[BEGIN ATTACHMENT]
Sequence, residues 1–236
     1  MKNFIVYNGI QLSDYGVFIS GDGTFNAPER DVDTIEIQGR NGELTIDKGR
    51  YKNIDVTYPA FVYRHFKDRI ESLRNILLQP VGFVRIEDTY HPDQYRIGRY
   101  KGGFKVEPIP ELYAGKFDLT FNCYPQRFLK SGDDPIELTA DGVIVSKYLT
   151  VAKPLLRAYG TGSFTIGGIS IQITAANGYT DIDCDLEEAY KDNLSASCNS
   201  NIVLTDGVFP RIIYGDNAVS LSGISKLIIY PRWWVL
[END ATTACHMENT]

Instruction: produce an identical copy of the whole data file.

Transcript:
Sequence, residues 1–236
     1  MKNFIVYNGI QLSDYGVFIS GDGTFNAPER DVDTIEIQGR NGELTIDKGR
    51  YKNIDVTYPA FVYRHFKDRI ESLRNILLQP VGFVRIEDTY HPDQYRIGRY
   101  KGGFKVEPIP ELYAGKFDLT FNCYPQRFLK SGDDPIELTA DGVIVSKYLT
   151  VAKPLLRAYG TGSFTIGGIS IQITAANGYT DIDCDLEEAY KDNLSASCNS
   201  NIVLTDGVFP RIIYGDNAVS LSGISKLIIY PRWWVL